The discussion of how the authentic chicken paprikash is supposed to be cooked continues to be a recurring subject among Hungarians. One thing is for sure: it is a true Hungarian dish everyone adores. The combination of ground pepper and chicken is a match made in heaven. Don’t be shy to try the following recipe, we’ll guide you along every stage of cooking!
Ingredients (for 4 people):
2 garlic cloves, 2 medium onions, 4 chicken thighs, 2 bell peppers, 2 tbsp. ground red pepper, 3 tbsp. goose grease, 2 tomatoes, water, 20 dl sour cream (20%), 1 tbsp. white flour, 3 pinches of salt, black pepper to taste (optional)
To start with, chop the garlic and the onions, and dice the bell pepper and the tomatoes. Halve the chicken thighs at the joint. Melt grease in a Rondeau pan that is deep enough to hold liquid, and roast the sliced pepper until it gets a nice colour. Now add the onion and the garlic, then fry them for a few minutes to get rid of all the liquids except for the grease. Take it off the heat and sprinkle with red pepper. Mix well to combine, then add the tomato slices and pour circa half dl water into the pan. (Note: water is needed because pepper would get bitter otherwise.)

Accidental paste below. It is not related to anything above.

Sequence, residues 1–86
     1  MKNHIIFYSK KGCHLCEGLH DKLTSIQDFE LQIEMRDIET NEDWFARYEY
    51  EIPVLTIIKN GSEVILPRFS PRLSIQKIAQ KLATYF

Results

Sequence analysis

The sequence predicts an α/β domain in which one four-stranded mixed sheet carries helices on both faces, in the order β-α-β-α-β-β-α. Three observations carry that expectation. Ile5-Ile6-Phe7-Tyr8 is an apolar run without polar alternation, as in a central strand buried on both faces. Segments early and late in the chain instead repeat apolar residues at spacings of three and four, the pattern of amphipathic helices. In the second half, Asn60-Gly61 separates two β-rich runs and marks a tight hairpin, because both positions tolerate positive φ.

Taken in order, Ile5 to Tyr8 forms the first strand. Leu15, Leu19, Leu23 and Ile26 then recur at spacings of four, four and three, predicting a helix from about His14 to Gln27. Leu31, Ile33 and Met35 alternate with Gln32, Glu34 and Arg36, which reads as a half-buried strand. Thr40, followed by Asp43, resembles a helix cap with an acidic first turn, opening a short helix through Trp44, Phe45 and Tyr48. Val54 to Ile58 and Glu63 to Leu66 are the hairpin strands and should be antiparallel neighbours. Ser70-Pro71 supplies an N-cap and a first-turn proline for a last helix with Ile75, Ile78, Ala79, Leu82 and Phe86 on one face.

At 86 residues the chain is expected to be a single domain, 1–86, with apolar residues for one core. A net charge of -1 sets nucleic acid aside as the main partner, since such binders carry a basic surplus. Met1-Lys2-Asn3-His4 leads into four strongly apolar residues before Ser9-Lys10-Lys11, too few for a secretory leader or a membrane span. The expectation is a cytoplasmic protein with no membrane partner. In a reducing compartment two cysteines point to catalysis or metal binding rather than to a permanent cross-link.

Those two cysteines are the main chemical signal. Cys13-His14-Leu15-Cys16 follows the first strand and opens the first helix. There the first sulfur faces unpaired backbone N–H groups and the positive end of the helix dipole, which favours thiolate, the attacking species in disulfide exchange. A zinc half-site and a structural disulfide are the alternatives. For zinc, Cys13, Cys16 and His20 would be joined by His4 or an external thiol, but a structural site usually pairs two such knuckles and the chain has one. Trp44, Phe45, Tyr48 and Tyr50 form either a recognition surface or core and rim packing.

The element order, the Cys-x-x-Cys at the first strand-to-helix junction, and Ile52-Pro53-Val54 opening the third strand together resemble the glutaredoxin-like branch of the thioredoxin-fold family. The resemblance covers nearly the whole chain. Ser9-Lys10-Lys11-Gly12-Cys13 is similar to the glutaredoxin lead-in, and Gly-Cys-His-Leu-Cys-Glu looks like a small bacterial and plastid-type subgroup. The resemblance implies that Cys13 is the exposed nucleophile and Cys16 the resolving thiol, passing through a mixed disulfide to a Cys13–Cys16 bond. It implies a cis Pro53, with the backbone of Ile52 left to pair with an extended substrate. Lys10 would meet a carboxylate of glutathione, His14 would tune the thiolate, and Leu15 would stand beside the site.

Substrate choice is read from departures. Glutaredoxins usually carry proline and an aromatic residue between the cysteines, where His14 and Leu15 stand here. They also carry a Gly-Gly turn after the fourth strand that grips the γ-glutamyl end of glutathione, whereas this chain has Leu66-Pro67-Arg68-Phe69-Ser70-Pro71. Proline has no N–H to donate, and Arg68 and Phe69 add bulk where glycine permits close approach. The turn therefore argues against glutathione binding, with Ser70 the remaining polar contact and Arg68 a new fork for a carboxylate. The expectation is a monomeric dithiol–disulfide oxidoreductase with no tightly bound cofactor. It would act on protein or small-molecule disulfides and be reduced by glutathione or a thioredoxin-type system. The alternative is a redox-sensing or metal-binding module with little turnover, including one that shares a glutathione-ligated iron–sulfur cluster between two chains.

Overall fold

Put it back on the stove, add the chicken thighs and stir the stew. Add more water to semi-cover the meat. Season it with salt, and cook it covered. Don’t forget to pour more water into the pan if necessary. It takes around 1 hour of cooking before you can do the thickening. For that, pour the sour cream into a separate ceramic or plastic bowl and mix it with white flour. Add a small amount of liquid from the chicken paprikash stock, and slowly stir it. Pour the seasoned cooking fluid on the chicken gently, and stir the mixture well. Cook it for a few more minutes, and when flavours come together, your chicken paprikash is ready. You can spice up the dish with a spoonful of magic: add fresh sour cream to tame the spiciness of the stew.